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News Wrap: Syrian Forces Kill at Least 13 in Nationwide Demonstrations

July 8, 2011 at 12:00 AM EDT

HARI SREENIVASAN: The dismal unemployment report pushed Wall Street lower today. The Dow Jones industrial average lost 62 points to close at 12,657. The Nasdaq fell more than 12 points to close at 2,859. For the week, the Dow gained half-a-percent; the Nasdaq rose more than 1.5 percent.

Security forces in Syria killed at least 13 people today amid mass demonstrations against President Bashar Assad. The largest crowds were in the city of Hama, where activists said hundreds of thousands of people gathered. Troops have massed there in recent days. The U.S. and French ambassadors visited Hama yesterday in a show of support for the protesters.

The U.N. Refugee Agency warned today of a looming catastrophe in East Africa amid the worst drought since the 1950s. Millions of people across Kenya, Somalia, Ethiopia, and South Sudan are endangered, and many are being forced from their homes to search for help.

We have a report from Rohit Kachroo of Independent Television News. He’s in a village in Eastern Kenya.

ROHIT KACHROO: More than 1,000 new refugees today. As Somalia inched towards famine, the population of their new home edged towards that of a large city with its own morning rush.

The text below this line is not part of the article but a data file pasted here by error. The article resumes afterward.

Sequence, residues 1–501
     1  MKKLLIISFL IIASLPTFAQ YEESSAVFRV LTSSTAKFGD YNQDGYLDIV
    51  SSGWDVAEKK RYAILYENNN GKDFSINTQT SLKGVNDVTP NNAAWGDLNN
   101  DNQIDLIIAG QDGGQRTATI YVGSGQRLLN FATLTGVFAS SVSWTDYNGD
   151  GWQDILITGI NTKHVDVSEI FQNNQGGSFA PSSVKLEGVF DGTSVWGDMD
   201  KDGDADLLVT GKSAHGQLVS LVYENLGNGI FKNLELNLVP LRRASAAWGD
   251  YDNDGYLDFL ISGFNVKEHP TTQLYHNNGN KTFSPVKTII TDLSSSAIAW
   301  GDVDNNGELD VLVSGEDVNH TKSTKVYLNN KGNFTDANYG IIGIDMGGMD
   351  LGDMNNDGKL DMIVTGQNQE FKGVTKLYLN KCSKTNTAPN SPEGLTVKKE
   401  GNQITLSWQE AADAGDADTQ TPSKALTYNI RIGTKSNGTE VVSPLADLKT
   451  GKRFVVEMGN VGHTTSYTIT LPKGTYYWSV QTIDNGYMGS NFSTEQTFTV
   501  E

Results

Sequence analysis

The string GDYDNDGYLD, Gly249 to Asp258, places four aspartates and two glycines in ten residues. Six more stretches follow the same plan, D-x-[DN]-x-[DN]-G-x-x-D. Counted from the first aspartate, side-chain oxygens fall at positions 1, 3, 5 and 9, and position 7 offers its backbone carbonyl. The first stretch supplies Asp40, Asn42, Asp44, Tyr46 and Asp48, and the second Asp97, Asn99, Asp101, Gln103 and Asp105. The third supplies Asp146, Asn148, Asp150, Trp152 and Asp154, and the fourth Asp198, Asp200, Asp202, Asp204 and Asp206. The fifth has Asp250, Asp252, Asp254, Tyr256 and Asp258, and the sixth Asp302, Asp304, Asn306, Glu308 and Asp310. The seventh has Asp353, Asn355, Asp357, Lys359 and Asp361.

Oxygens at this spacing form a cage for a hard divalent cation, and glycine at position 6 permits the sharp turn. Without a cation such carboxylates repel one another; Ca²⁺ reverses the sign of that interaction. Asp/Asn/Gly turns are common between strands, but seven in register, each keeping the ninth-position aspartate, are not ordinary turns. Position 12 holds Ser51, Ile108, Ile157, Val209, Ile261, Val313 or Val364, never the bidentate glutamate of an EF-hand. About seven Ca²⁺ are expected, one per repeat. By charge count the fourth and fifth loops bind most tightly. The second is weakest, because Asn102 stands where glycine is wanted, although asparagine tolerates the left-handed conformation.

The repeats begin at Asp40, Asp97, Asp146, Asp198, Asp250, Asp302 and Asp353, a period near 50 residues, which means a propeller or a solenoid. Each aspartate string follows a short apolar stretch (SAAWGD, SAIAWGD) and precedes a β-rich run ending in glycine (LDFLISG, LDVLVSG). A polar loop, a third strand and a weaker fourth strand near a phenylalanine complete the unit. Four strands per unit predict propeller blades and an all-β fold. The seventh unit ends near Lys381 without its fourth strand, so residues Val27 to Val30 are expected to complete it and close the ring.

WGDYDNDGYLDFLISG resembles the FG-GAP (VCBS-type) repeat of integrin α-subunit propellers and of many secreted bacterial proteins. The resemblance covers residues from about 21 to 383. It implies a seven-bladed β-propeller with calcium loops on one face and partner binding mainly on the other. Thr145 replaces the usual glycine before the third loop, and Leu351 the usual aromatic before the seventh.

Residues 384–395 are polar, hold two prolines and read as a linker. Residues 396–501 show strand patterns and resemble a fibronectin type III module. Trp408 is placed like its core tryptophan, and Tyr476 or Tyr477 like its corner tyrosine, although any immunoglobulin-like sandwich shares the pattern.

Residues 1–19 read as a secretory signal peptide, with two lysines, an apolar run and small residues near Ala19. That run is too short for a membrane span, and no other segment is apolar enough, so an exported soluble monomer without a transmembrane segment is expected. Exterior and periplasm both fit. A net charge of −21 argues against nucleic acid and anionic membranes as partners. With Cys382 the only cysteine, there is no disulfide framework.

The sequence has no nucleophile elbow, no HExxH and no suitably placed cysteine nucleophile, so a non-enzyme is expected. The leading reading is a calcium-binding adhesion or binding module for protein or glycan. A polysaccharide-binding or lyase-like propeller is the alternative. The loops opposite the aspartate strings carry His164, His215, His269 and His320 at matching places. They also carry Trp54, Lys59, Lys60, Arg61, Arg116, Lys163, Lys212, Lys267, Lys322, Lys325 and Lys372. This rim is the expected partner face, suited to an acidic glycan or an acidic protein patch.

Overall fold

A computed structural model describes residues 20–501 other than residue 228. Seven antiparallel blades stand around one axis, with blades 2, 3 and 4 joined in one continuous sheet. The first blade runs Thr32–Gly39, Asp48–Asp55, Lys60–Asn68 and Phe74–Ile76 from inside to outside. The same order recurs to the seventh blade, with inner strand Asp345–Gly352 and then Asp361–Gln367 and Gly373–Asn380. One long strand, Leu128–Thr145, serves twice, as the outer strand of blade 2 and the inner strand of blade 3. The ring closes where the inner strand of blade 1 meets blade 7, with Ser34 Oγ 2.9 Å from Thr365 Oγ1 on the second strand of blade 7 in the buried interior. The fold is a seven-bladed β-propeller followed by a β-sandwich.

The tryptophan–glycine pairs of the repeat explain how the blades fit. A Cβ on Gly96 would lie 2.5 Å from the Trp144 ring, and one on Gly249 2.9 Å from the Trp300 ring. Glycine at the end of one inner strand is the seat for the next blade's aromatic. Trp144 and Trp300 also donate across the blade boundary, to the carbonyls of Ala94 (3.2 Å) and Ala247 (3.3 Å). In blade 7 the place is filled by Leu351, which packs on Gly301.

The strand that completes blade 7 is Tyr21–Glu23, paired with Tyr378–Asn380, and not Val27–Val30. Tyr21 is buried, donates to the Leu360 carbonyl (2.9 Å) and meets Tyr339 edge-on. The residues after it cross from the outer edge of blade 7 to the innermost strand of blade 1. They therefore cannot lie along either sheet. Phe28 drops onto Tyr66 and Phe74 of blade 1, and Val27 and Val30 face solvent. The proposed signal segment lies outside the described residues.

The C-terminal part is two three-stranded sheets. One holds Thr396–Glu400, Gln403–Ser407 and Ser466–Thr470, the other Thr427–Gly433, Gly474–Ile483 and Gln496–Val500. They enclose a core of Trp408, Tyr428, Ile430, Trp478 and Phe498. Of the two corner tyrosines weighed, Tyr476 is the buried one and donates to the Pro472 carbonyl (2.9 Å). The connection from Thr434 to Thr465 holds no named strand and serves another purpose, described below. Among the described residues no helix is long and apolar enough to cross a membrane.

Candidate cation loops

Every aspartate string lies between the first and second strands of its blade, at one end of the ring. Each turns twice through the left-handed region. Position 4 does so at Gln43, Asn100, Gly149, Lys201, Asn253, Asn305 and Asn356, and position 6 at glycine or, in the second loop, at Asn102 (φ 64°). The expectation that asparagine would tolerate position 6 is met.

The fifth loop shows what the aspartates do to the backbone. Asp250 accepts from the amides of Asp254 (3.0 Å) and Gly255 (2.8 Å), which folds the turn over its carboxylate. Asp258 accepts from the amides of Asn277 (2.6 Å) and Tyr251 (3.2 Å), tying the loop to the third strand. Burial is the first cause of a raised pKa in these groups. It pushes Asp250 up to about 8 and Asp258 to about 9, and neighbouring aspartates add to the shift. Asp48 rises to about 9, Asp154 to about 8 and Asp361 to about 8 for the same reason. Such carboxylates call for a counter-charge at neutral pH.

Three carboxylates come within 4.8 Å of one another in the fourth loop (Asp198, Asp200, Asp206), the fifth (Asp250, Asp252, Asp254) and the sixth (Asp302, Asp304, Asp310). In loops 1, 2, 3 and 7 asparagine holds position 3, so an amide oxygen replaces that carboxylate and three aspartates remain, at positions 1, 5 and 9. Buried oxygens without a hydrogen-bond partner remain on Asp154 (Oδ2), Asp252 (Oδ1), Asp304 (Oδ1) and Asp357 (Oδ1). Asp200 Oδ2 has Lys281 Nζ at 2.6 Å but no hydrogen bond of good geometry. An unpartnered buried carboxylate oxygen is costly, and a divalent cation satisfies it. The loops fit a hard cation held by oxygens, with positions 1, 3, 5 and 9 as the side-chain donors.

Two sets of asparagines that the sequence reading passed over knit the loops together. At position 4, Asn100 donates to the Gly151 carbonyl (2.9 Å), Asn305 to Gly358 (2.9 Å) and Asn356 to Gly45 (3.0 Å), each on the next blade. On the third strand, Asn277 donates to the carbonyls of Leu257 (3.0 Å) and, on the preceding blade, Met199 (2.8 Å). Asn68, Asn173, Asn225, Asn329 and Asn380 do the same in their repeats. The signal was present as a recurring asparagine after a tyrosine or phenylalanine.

The city has now grown its own commuter village, formed in terrible conditions by desperate people. There are more arriving all the time. But many are stuck, unable to make the final few miles to the main camp, where there’s a proper supply of food and water.

The people who live here haven’t been placed here. They have chosen to come. They have created their own community because the pressure in the main camp is so great.

Muslema is waiting for space there to free up. She tells me that, to get here, she walked for an entire month from northern Somalia with her five children. But, along the way, she took on another child, because his mother died from hunger as they traveled south together.

Age 17, Mohammed made the whole journey here on his own. But when he turned up without a parent, he, too, was taken in by a foster mother. Families have been reformed along the way. There are now only a few miles left of this journey, but when they will make it, they still don’t know.

HARI SREENIVASAN: North Sudan officially recognized the independence of South Sudan today. The South became the world’s newest country at midnight local time, after a 2005 peace deal that ended decades of civil war. South Sudan will also face the challenge of entrenched poverty and sporadic border conflicts with the North.

Thousands of Egyptians rallied in Cairo today, demanding swifter reforms by the country’s interim military rulers. Protesters flocked to Cairo’s Tahrir Square, charging that there is no clear plan for a transition to democracy. They also want former regime members prosecuted for the killing of some 900 protesters earlier this year.

One of the top college football powers in the U.S., Ohio State, will surrender all 12 wins from last season, including its victory in the Sugar Bowl matchup. The school took that step today after disclosures that players sold memorabilia for cash and tattoos. The scandal already forced the coach to resign.

Those are some of the day’s major stories.